I did not know anybody who was - nor was I myself - a KISS fan until the Alive! version of "Rock And Roll All Nite" hit the WLS airwaves very late in 1975 and then all of a sudden, every kid was a KISS fan or at the very least had an older brother who had always been a KISS fan. The band were on magazine covers scaring parents but hadn't crossed over to comics (with their blood mixed in the ink!), trading cards, disco (the equally loved and hated "I Was Made To Love You") or MEGO figures yet; all of that would go down in the following 24 months. Of course, the cartoon come to life band was tailor made for us 10 year olds! I would've sworn I sent in my five ducats to be part of the KISS Army but Mom says she refused to let me be inducted. Likewise, any time I asked to attend a KISS concert through the years, the answer was a simple "No." In 2000, the band announced their Farewell Tour with all four original members(!) and the second show on the tour was here in The Hideaway's hometown. With my Mother's ceremonial permission, I took the whole brood. It was the last concert I attended and "Beth" was the first in a two song encore. Watch the boys sing "Beth" in this clip from their made for television movie.
My Wayward Son" rocks HARD and sounded awesome coming over the AM airwaves of WLS in the 3:26 single edit pictured on the Golden Oldies release above. Crunchy, loud guitars? Check. Organ riffs? Checkity-check. Soaring vocals? Checkity-check-check! This one was a jukebox favorite as well though me thinks it rocketh a bit too hard for the Cow Talk so it was probably the pizza places and the Base youth center where it got all the quarters. Most likely known by those born after 1985 as the song from the television show Supernatural where "Carry On Wayward Son" was used as the soundtrack to The Road So Far montage at the beginning of the season finale episode for each of the first nine seasons of the show, from 2006-2014. (The less said about the tenth season's montage song, the better. Trust me.) The song's lyrics seem to fit the show's storyline very well.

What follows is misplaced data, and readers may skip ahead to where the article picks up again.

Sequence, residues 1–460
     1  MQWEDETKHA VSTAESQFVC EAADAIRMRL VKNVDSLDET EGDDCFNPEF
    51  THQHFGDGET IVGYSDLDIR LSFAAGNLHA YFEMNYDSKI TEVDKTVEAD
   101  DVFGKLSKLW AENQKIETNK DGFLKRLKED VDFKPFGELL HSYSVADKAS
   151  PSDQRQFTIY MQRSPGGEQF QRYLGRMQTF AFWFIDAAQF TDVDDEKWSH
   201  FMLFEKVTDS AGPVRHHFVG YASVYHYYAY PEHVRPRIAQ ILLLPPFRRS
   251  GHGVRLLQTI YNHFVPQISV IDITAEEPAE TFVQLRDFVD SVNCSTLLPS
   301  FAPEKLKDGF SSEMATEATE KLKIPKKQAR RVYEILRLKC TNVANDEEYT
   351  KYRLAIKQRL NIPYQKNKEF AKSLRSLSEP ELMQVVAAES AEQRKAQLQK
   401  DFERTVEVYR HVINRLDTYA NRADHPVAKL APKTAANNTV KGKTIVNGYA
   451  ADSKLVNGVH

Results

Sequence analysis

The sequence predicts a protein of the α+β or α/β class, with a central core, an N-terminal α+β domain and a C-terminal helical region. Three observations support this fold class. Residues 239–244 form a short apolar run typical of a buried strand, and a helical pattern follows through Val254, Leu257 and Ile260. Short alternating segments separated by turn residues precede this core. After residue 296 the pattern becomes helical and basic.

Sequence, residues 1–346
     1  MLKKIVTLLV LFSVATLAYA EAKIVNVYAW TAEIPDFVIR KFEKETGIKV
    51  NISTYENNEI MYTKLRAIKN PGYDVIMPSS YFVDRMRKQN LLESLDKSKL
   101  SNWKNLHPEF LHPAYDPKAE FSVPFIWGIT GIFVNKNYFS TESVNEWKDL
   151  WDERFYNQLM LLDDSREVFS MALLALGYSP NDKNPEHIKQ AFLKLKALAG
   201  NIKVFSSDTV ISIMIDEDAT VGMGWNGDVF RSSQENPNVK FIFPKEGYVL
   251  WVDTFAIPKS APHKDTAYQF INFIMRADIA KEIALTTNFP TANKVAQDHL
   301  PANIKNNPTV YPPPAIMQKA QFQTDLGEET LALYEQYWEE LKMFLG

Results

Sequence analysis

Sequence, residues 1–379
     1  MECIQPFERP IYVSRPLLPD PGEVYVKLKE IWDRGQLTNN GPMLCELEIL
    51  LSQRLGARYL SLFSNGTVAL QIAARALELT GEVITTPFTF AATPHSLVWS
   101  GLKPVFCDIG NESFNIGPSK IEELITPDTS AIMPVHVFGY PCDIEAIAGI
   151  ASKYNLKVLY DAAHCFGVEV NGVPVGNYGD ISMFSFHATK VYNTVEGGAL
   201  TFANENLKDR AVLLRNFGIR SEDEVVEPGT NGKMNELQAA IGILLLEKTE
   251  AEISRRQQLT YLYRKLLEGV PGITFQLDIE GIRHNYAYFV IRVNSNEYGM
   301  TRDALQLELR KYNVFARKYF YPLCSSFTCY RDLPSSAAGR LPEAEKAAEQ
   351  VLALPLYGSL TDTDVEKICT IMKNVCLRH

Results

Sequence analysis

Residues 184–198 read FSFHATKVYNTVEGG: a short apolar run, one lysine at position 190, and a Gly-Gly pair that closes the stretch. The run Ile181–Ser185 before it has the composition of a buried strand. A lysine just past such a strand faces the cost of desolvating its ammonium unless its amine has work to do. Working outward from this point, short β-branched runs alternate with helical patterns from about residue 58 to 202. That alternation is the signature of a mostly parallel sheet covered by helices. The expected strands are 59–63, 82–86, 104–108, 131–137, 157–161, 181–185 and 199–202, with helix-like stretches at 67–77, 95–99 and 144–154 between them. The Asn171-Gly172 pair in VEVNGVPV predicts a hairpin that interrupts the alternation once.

The rock block continues with Boston's "Foreplay/Long Time" at number 46. As you can see from the scans above (click on them to embiggen) both songs were released as single edits despite being tracked as one long, almost eight minute song and all we got to hear on WLS was the barely three minute single edit. Until 1978, that was the only version of the song I knew - then I got to hear the whole Boston album at a friend's house. Mind blown, stereo turnt up, life changed. Meanwhile "Foreplay", the majestic organ and guitar dueling instrumental intro, was buried as the b-side of "Peace Of Mind" the follow-up single to "Long Time" that was released three months later. Since then, all you hear on the radio anymore is the full length album track "Foreplay/Long Time" which is unique among Boston tracks as the three guitar solos are not played by the one man guitar army of Tom Scholz, who plays nearly every single other guitar track on the album, but by Barry Goudreau. I do have a story related to the song as well. When our first child was born in 1987, though we were both employed, neither one of us had health insurance though she was eligible to receive it within a few months. To pay off the staggering bill - baby came home for week then got jaundice and had to go back to hospital for a week of treatments under the UV light - I sold off the majority of both my vinyl and then burgeoning CD collections, first making them available to friends and fellow DJs and then trucking the remainder down to Bookman's and PDQ. Raised the money, paid the bill, baby grew up strong and will be thirty years old next year. One of the friends who came over to buy a lot of my CDs had won $3 million in the state lottery the month before and his first big purchase was a brand new Toyota truck (4Runner?) that he spent a few grand on to have lifted and fitted with a state of the art stereo system. He took one of my now his discs - Boston - and inserted it in his disc player right there in the driveway. It was the first disc he had played after picking up the truck from the car stereo place the day before. CDs were still kinda new and I only knew a few people who had been buying them. The Boston album had only been released in 1986 and had been a Christmas gift. He asked what was the best track on the disc and I suggested track three, "Foreplay/Long Time." Two beeps later, we could hear the organ come fading in. He kept his fingers on the volume knob and kept turning it up slowly as the instruments duked it out. Then, when the quiet passage came just before the 2:00 minute mark, he cranked it up quite a bit to hear nothing but the organ and guitar effects and then the guitar came quickly fading in at 2:30 and he hadn't turned the volume down and there was a loud, distorted popping sound. Turns out he blew out both of the speakers that had been mounted in the doors of his truck. He was pissed but the song was forever known afterwards as the song that blew his doors off. Watch Tom and singer Brad Delp play musical chairs at the organ while Barry peels off the solos in this dizzying clip filmed at Giants Stadium in 1979.